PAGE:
Vivien Walter is performing his PhD under the supervision of Carlos Marques at the Institut Charles Sadron (ICS) in Strasbourg, France. His work focus on the effect of the membrane composition in the interaction between arginine-rich cell-penetrating peptides and giant unilamellar vesicles.
He studied at the University of Strasbourg, where he obtained his BSc of Physics and Chemistry, then continued to his teaching’s MSc of Ph/Ch and achieved the « CAPES de Physique-Chimie », later pursued to his research’s MSc of Physics of Materials.
Weinberger, A., Walter, V., MacEwan, S. R., Schmatko, T., Muller, P., Schroder, A. P., et al. (2017). Cargo self-assembly rescues affinity of cell-penetrating peptides to lipid membranes. Sci Rep, 7, 43963.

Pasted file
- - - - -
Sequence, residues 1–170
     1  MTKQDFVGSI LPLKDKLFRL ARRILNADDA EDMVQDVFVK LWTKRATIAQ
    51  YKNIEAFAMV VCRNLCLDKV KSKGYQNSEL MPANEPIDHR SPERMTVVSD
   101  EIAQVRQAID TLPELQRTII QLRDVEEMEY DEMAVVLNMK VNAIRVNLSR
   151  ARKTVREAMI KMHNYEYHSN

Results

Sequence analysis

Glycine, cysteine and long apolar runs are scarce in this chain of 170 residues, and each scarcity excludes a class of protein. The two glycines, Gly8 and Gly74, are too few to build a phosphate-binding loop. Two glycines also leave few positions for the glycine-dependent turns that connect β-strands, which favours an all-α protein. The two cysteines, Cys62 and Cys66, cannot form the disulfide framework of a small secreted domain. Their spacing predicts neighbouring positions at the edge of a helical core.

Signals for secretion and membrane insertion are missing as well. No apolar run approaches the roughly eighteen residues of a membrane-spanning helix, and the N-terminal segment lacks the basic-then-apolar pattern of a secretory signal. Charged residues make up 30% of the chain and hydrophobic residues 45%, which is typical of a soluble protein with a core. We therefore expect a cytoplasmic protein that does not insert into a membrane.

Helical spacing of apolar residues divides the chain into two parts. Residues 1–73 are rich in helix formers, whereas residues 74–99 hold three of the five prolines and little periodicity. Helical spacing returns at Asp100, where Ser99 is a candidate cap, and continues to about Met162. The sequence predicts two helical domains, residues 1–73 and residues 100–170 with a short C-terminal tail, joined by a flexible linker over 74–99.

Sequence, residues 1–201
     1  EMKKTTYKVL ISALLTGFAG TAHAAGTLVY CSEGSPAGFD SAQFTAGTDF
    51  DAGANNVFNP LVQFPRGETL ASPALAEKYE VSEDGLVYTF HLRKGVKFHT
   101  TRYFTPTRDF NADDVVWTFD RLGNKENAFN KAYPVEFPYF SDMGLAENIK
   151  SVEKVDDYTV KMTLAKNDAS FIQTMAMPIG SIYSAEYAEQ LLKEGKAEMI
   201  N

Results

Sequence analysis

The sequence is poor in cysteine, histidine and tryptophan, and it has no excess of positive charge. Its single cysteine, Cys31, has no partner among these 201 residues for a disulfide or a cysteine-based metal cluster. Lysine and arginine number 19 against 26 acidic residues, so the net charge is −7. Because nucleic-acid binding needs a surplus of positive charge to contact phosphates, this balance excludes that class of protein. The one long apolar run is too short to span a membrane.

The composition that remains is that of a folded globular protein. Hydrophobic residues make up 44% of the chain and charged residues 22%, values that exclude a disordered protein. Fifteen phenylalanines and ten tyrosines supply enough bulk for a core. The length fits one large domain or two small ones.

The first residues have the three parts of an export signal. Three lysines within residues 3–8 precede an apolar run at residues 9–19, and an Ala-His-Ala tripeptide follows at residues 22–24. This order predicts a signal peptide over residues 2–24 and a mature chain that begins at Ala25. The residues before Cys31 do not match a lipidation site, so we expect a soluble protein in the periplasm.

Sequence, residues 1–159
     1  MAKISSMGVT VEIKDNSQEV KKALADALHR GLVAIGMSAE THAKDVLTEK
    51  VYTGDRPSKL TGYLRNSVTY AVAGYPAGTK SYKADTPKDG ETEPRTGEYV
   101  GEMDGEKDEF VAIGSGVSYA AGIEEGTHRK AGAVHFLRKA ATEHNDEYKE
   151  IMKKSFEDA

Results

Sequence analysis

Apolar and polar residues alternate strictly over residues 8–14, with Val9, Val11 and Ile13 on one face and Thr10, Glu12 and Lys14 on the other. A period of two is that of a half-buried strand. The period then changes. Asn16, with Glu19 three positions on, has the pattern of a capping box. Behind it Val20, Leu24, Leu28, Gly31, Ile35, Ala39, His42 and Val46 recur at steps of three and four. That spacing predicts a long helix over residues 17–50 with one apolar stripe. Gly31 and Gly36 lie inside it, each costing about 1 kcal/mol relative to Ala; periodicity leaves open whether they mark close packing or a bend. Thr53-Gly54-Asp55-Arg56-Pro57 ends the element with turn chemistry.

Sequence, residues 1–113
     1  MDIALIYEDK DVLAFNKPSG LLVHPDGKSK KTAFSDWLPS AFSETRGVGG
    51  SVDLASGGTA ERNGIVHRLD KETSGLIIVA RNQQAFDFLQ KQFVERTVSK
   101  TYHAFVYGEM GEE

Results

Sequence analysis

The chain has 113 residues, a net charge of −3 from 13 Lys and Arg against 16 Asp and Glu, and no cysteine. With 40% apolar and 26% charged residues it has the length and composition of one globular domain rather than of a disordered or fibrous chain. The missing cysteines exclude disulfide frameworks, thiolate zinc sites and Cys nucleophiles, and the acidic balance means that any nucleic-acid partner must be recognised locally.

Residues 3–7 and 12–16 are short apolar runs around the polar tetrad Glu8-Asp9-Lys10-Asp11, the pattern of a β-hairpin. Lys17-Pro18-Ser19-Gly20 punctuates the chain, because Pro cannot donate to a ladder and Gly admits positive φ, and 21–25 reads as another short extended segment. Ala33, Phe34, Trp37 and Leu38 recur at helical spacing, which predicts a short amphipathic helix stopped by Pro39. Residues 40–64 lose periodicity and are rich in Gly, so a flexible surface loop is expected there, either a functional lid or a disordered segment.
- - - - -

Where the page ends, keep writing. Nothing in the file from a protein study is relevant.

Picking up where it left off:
Abstract: Although cationic cell-penetrating peptides (CPPs) are able to bind to cell membranes, thus promoting cell internalization by active pathways, attachment of cargo molecules to CPPs invariably reduces their cellular uptake. We show here that CPP binding to lipid bilayers, a simple model of the cell membrane, can be recovered by designing cargo molecules that self-assemble into spherical micelles and increase the local interfacial density of CPP on the surface of the cargo. Experiments performed on model giant unilamellar vesicles under a confocal laser scanning microscope show that a family of thermally responsive elastin-like polypeptides that exhibit temperature-triggered micellization can promote temperature triggered attachment of the micelles to membranes, thus rescuing by self-assembly the cargo-induced loss of the CPP affinity to bio-membranes.